Who has the best bike? Is it Honda? Or have they been passed by Yamaha? Did the first MotoGP test of the year at Sepang answer that question? After Monday, we thought the answer was yes. After Friday, it's clear that it's not clear. There is still a long way to go to the start of the season, and the only thing we can be sure of is the fact that this is going to be a fantastic year in MotoGP. When it's hard to point to who has an advantage, it means the racing is going to be tight.
So how did the balance of power swing from Yamaha to Honda? Yamaha turned up at Sepang with a bike that was ready to go. They had plenty of parts to test, but following the Yamaha philosophy, all of those parts offer just a small, but positive change. The bike was fast, and got a little bit faster. That meant that Yamaha were quick on the first day, and got a little quicker day by day.
There is something about the sound of a MotoGP bike that stirs the blood once again. After a long winter, in which to reflect on the many negatives of following motorcycle racing – hard work for little money, endless trips through faceless airports to faceless hotels, and long periods away from home – a few milliseconds of the sound of a MotoGP bike being warmed up is enough to make you forget all that, and melt away the misery of business travel on the cheap under the fierce heat of passion for the sport. There is nothing that excites like motorcycle racing.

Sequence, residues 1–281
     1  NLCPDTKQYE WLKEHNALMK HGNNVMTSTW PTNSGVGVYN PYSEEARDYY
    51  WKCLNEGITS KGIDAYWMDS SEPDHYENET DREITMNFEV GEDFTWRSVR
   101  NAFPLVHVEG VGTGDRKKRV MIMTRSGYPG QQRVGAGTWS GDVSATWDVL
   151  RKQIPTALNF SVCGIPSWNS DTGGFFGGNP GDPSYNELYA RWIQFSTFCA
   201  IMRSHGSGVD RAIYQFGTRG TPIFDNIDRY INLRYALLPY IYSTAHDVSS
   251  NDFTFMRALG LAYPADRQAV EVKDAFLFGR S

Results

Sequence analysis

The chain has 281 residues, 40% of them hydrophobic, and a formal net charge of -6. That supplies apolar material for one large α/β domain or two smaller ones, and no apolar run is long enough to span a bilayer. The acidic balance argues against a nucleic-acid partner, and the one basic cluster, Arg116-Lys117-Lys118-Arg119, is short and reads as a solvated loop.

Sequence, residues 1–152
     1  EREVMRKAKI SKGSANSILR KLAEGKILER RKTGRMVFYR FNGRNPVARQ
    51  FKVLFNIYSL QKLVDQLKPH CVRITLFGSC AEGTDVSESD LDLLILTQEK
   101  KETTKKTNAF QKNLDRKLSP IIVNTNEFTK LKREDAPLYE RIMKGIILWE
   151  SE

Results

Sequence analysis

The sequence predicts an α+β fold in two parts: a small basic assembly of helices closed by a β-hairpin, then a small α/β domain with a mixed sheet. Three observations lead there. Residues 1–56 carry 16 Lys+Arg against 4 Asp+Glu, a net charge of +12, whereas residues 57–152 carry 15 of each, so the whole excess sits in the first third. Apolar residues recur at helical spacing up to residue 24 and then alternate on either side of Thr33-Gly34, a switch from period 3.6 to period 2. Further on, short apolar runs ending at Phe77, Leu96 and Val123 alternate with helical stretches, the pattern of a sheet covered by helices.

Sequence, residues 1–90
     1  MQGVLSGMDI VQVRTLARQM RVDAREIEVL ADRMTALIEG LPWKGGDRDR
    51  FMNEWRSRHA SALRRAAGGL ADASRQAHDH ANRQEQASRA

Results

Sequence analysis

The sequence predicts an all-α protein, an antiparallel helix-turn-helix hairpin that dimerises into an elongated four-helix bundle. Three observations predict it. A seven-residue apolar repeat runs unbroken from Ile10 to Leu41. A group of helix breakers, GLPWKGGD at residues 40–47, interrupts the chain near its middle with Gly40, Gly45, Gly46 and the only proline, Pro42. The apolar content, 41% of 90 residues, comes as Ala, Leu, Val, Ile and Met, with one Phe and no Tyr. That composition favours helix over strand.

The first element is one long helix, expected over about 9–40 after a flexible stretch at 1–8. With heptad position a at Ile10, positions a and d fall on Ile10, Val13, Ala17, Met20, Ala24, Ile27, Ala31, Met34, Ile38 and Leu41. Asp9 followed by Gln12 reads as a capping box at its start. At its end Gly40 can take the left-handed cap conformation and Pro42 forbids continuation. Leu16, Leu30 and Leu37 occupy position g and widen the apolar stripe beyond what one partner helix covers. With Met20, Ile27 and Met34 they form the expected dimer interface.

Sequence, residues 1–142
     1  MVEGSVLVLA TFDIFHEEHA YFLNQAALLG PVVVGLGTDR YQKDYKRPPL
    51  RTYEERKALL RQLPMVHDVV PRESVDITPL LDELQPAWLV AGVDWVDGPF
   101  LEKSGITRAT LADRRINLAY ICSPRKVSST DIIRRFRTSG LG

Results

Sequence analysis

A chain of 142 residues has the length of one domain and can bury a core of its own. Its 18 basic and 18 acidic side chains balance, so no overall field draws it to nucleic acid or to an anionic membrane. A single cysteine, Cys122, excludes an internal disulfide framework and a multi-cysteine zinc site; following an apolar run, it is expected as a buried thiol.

It was an intriguing first day back, with highs and lows, strong performers and real disappointments. The finishing order is not completely indicative of the real strength of the field, but it offers some sound clues as to who stands where.
Marc Márquez topped the timesheets, but he had to put in a fast lap on a new tire at the end of the day to depose the Yamahas. For it was Valentino Rossi who led the way for much of the first day of testing, the Italian happy to be back on a bike. It wasn't just Rossi who was quick: Rossi, Jorge Lorenzo and Tech 3's Pol Espargaro were the fastest of the bunch, with Márquez and Dani Pedrosa only occasionally interjecting to spoil the Yamaha fun.